The Phantom Lady Strikes Again
The air is thick with identity controversies which seem to manifest themselves over statues and monuments. The Phantom Lady ponders.
If you wander about the city of Bangalore, you will be surprised to find many of its public statues wrapped with cloth as if a local Christo had been hard at work. One of these was the statue of the Tamil saint poet Thiruvalluvar near the Ulsoor Lake erected by the Tamil Sangham. Ulsoor is a Tamil area, and hostilities have existed ever since the British, after the defeat of Tipu, created the largest cantonment in India in Bangalore and populated it with Tamils to counter the Kannada speaking City area under the Maharaja of Mysore. These hostilities have worsened lately with Kaveri water disputes. Kannada nationalists would not allow the statue to be unveiled, and Thiruvalluvar has remained a ‘conceptual’ work for eighteen years till a statue of the Kannada saint poet Sarvagna was put up in Chennai. Both were inaugurated in close sequence recently in a great demonstration of what was called ‘statue diplomacy’, and considered a momentous step in the strained inter- state politics by all.
The Tamils are great forerunners in many matters cultural, and the Dravidian and pure Tamil movements created a strong self-identity. Chennai itself is a city mapped by its statues of Tamil heroes. They say if you asked someone for directions there he would say - go past the Anna statue and turn left at the Kamaraj Statue - and so on. The Marina beach has large memorials on its sands dedicated to Annadurai, MGR etc. (On the pavement of the beach is also one of the most famous works of modern art in the city, Debi Prasad Roy Chowdhury’s bronze sculpture, Triumph of Labour). NTR as chief minister of Andhra installed a row of bronze statues of Telugu heroes on the Tank Bund Road in Hyderabad, and the joke goes that they all look like him in various roles as a film actor, including the woman poet. The twenty- two metre great granite Buddha which sank once, but has been safely installed now in the centre of the Husain Sagar Lake, is also said to bear a close resemblance to him.
Mumbai, being larger and richer than any of these cities, has planned to build a 350 crore Shivaji monument outdoing the Statue of Liberty, standing on its own island in the sea. The irony, as Girish Shahane writes, is that while Liberty is a universal symbol of freedom and democracy, Shivaji has been co-opted as a mascot for Hindu/ Marathi identity politics and has become a symbol of divisiveness. Mayavati’s agenda is more ambitious: she is erecting statues of herself and Dalit icons on twenty four memorial sites in the state of Uttar Pradesh. A front-page case has been going on in the Supreme Court to stop the construction work on public money. So what is the real opposition to Mayavati’s memorial building – its lavish use of government money, that she is a ‘heroine’ and not a ‘hero’, its Vanitas ; or the fact that it is going to be a place of Dalit identity, where there is none other? Or are these purposes so inextricably mixed like good and evil in our complicated times, that we cannot separate them?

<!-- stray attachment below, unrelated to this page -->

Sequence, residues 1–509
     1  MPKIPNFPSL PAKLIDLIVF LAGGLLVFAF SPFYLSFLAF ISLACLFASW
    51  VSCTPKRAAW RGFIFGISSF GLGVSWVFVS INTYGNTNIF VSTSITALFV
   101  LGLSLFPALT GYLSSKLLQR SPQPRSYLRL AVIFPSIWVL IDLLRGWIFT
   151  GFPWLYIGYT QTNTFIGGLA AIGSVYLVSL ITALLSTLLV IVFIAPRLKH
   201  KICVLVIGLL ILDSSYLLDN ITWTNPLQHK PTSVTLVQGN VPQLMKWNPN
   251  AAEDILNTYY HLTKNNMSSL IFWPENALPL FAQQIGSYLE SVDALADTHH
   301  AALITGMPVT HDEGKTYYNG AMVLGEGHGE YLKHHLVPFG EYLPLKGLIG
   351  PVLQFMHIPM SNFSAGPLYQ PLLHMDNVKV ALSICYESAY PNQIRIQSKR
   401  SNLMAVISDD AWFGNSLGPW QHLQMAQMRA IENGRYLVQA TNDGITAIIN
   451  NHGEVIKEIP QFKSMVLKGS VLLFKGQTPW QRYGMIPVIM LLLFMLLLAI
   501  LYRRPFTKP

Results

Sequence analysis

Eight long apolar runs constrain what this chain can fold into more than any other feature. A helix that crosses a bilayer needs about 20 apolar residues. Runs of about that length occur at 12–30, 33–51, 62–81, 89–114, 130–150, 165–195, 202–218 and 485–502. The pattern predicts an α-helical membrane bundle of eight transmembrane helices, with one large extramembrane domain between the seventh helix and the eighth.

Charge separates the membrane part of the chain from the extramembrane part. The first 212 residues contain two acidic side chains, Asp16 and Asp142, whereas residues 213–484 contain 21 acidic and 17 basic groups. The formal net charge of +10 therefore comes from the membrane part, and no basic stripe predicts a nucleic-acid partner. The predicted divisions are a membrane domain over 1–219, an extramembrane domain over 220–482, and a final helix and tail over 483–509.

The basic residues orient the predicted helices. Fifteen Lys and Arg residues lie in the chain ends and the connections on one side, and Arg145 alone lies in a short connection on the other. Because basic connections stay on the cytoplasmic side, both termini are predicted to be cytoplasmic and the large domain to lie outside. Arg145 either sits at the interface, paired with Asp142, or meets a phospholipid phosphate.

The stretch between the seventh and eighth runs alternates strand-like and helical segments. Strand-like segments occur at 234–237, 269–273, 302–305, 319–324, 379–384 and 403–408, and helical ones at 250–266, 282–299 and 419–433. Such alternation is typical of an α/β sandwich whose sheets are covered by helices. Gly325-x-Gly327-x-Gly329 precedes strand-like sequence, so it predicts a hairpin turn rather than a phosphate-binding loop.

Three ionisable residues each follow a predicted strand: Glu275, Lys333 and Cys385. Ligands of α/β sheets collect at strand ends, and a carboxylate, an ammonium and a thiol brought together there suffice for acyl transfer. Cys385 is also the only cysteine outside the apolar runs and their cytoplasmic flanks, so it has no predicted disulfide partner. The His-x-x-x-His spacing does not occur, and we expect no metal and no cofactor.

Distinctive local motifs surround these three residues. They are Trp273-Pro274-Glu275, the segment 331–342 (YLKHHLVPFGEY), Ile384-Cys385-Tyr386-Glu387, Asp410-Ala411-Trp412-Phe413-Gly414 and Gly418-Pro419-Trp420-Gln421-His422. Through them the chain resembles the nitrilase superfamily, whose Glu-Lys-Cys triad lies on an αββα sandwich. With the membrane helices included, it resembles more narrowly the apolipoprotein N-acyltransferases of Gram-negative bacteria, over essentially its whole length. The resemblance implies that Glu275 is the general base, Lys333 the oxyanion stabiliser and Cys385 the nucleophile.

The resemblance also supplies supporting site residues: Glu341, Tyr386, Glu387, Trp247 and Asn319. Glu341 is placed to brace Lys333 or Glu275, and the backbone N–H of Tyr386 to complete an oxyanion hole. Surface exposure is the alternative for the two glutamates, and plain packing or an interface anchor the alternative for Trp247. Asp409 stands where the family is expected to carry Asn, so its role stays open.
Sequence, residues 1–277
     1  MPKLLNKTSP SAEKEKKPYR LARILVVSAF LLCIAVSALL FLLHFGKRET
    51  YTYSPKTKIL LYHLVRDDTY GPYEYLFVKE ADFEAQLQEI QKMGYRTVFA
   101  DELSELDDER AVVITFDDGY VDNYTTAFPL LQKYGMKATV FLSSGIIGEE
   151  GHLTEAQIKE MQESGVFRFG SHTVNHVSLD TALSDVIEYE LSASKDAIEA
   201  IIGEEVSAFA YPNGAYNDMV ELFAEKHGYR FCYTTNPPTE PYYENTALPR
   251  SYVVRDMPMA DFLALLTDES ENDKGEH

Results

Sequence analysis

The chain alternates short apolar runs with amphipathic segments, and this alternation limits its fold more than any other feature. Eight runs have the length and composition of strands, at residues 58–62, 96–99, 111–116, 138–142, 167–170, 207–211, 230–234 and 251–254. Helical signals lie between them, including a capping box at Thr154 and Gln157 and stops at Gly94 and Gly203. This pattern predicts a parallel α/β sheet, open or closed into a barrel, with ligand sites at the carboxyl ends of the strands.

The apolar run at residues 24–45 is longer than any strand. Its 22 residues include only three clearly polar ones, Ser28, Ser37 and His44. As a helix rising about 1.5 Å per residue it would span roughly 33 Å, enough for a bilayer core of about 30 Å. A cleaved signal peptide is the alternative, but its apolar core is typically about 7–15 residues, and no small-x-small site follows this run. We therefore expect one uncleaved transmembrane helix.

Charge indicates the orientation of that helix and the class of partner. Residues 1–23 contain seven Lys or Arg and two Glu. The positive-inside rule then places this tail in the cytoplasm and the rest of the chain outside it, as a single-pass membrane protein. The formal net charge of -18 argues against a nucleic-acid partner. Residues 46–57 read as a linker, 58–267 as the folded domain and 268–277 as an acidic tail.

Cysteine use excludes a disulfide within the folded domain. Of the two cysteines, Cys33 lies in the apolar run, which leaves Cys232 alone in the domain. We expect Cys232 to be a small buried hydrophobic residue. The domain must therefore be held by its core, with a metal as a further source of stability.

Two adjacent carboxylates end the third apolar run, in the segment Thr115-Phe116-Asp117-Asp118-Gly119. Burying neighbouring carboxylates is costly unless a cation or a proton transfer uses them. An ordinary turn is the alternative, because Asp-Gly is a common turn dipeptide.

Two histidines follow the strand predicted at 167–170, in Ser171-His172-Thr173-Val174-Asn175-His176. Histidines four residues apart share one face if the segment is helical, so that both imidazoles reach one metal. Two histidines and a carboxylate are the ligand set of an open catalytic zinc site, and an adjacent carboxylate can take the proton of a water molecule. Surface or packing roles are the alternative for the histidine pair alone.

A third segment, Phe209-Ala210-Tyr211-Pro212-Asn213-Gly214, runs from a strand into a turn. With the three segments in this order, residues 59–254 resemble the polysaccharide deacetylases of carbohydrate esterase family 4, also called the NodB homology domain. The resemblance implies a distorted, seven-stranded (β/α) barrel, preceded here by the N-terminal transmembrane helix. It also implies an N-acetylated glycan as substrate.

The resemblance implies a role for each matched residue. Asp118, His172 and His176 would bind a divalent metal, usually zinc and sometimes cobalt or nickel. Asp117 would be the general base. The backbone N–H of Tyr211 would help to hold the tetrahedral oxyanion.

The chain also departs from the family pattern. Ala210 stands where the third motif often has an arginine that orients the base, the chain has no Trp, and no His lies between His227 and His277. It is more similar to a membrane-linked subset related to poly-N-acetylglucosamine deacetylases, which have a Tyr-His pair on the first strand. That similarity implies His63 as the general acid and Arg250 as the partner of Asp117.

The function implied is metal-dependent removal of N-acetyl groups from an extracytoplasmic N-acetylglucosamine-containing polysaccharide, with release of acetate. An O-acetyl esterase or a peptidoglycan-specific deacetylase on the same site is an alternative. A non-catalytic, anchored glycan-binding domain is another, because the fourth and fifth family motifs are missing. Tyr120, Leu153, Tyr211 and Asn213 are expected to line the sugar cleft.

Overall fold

After the first heady idealistic days of early independence, making political statues has become embarrassing for contemporary artists. The language of contemporary art is anti-establishment, while the public demand is for idealized neo-classical representations. Then who makes these statues? The good sculptors are usually trained in the big art schools and specialize in making political portraits, or are from traditional families of sculptors. Some time ago I visited a factory near Gwalior which takes orders to make political statues from most of North India. As a busload of us approached, we saw acres and acres of spectacular rolling hillocks, set with dramatic groups of figures of political leaders all gesturing into the air in their characteristic poses: Netaji Bose, Rajiv Gandhi, Indira, Nehru, Dr. Ambedkar, Bhagat Singh, Jhansi ki Rani, Mahatma Gandhi. It was an amazing sight: the heroes, the vast sky, the bare landscape, and the larger than life tableaux in various perspectives in the clear light of the panoramic view. The factory makes fibre-glass casts first from the clay models, then takes moulds from them and casts them in bronze. The waste fibre-glass models are then placed on the site, making a kind of unmeant installation of dark post-modernist satire.
Who then can be the heroes of our times, and how can we celebrate their lives?
I recently saw The Advocate, a film made by Deepa Dhanraj on the Hyderabad lawyer KG Kannabiran, one of the founders of the human rights and civil liberties movements in India, a man who has spent a lifetime challenging the Indian State to uphold justice. While the first part of the film is a biography and history dominated by his charismatic presence, the second half, with interviews with his wife and colleagues, contains a critique. He is never shown larger than life, but as passionate, hardworking, brilliantly analytical, firm in his beliefs and relentlessly persistent. His wife, prominent in the women’s movement herself, critiques him for his lack of interest in women’s issues as being central to human rights; his colleagues, for other weaknesses in his thinking and practice. But finally, the film in both its parts makes a monumental plea for a way of life that is serious minded and committed to social justice, lit up with an intense life-energy. At a time of extreme hysteria over icons and symbols, the biography shows that a reasoned analysis and historical sense need not belittle, nor aggrandize, an exemplary life.
The Phantom Lady
1 March 2010